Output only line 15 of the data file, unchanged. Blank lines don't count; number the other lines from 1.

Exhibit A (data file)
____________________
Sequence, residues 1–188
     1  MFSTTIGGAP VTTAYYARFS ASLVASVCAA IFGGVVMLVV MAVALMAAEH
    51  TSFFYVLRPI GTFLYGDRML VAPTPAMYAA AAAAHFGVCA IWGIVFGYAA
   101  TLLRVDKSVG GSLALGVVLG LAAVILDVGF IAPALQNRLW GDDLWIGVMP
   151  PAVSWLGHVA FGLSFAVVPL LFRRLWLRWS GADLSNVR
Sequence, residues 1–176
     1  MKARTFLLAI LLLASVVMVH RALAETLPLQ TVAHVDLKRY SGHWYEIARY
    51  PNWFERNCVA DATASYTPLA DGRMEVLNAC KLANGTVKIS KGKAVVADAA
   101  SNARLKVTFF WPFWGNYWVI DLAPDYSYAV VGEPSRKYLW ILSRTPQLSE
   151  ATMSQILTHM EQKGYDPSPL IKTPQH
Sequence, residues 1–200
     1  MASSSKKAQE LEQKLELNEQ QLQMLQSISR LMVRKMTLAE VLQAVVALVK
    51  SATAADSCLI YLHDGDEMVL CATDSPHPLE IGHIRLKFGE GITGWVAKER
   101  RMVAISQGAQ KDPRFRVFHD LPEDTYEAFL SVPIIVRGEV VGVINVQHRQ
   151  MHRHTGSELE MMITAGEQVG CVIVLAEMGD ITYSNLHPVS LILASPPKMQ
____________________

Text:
   151  MHRHTGSELE MMITAGEQVG CVIVLAEMGD ITYSNLHPVS LILASPPKMQ